I’ve followed Adam for over 25 years, ever since the Beastie Boy’s debut album Licensed to Ill came out in 1986. I was 14-years-old; young and very impressionable. MCA, Mike D and Ad-Rock instantly became my idols and the older brothers that I never had. I voraciously devoured anything Beastie-related and if they told me to jump off the Brooklyn Bridge, I would have done it…as long as they thought it was cool. Everything they did was cool, as far as I was concerned. There was no one I wanted to meet and hang out with more than the Beastie Boys.
By and large, their music has been the soundtrack to my life. It has meant so much to me that it’s difficult to put into words. Their uniqueness and place in music history is truly unprecedented. Think about it: there is truly no other artist or group that can match their combination of longevity, cool-ness, musical maturation, critical and commercial success, and relevancy not only in the hip-hop world, but the pop music world as a whole, for over 25 years.
But the Beastie Boys were (are) so much more to me than just their music. Their influence on my life, outside of their music, has been immeasurable. I worshipped everything they did, everything they said, everything they wore, every movie and show they watched, and everyone they listened to and referenced.
I stole a Volkswagen logo off an abandoned car and made a necklace out of it like Mike D.
I recreated the backstage scene from their Licensed to Ill VHS one hazy, legendary night at SUNY Cortland before the Cortaca Jug. I started it by spraying beer all over our dorm and it instantly got out of control. The carpets were damp for weeks.
I drunkenly called (718) 498-1043 many times to “Ask for Janice”. I never got through.
I bought 3 or 4 Beastie Boys T-shirts as the first purchases on my first credit card from the old Sessions catalogs that Rolling Stone magazine used to advertise in the back of their issues. I also bought a “Phillies Blunt” T-shirt that I saw Ad-Rock wear when Check Your Head came out.
I started to noodle around on guitar shortly after Check Your Head came out because I figured, if they could do it, I could do it too. I’m still noodling around.
I poured over the song credits for Paul’s Boutique for years trying to spot all the lyrical references and samples used. Over 20 years later, I still hear something that I haven’t heard before. It is, and always will be, my favorite album of all time.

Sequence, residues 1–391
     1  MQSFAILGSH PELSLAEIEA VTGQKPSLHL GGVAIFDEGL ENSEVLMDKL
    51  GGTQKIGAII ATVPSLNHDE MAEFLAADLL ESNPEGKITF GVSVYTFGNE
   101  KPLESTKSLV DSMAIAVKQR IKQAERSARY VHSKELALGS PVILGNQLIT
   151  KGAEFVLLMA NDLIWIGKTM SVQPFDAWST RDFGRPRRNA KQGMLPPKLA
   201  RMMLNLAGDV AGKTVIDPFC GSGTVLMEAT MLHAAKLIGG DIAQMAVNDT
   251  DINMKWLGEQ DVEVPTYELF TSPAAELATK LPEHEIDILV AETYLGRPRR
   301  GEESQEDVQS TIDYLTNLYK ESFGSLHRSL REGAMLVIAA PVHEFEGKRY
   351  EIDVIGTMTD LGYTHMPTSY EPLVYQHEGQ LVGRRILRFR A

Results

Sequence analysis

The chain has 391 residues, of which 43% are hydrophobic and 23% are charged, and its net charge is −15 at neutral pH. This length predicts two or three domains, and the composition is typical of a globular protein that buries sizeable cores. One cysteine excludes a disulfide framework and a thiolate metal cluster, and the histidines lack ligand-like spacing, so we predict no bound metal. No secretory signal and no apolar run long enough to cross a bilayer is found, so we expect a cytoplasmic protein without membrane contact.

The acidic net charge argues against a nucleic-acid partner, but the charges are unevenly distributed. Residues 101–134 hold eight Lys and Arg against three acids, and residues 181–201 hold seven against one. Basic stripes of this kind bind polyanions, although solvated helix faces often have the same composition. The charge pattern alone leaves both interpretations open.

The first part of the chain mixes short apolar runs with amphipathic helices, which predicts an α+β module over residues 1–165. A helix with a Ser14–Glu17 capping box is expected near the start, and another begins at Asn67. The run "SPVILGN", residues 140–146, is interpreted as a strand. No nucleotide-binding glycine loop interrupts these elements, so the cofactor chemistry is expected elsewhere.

I bought two vinyl copies of Paul’s Boutique when it came out. One copy was for a turntable that I didn’t own. The other copy I carefully cut apart so I could hang up all the album artwork in my bedroom in all its panoramic glory.
I had my brother photocopy and mail me the entire CD booklet of Ill Communication while I was in Navy basic training in 1994. The album was released while I was there and I wanted to at least read the lyrics of what I was going to listen to when I was done with training. I wouldn’t have done that for any other group.
I bought every issue of Grand Royal magazine that they wrote and published. They’re still in my attic.
I drove to Atwater Village once when I was in L.A. to see if somehow I could find G-Son Studios. It was a futile effort and I wasted hours in the process. I did find the X-Large store that Mike D started in Los Feliz. I bought a hat.
I researched the struggles of Tibet, got interested in Buddhism, and started reading the writings of the Dalai Lama because of MCA.
I could go on and on, but you get the point.
When Adam died on Friday, I received numerous messages from people offering their condolences. My friends, some who’ve known me a long time, some who’ve only known me for a couple years, thought of me when they heard the news and wanted to offer their sympathy. That is heartbreakingly mind-boggling and I thank them all for thinking of me.
Now I find myself talking about the Beastie Boys in past tense. Not because I don’t think we’ll ever hear from them again, but because it will never be the same again. Sure, they may put out some unreleased music and get up on stage sometime in the future, but there is now a huge, unavoidable void without MCA. He, like the others, is irreplaceable.
Adam was the conscious of the group; the moral center. His life is a wonderful lesson for myself and others. He never stopped growing, learning, joking, questioning, caring, loving, and was authentic to the end. There’s no reason I can’t still idolize him for that.
It is not an exaggeration to say that I’m the person I am today in large part because of the Beastie Boys. I was wild and rebellious without a care in the world. I learned the delicate art of wit and sarcasm largely by following their example. I became open to trying new things and challenging myself. I learned from my mistakes, (finally) matured, and became older and wiser while still maintaining the core sensibility of having fun and enjoying life.
My son, who is 9-years-old (and who still idolizes his old man for the time being), sat with me Friday night as I pulled up old Beastie Boys clips on YouTube. He laughed at their unabashed absurdity from the Licensed to Ill days when they appeared on talk shows like the old Joan Rivers Late Show. They were just so much goddamn fun to watch and he ate it up. I laughed right along with him and then I turned away so he wouldn’t see me cry. Not many people are blessed to have their idols grow, mature, and remain relevant for so many years. I was lucky. I hope he’ll be as lucky as I was.
Rest in peace, Adam. I’ll miss you.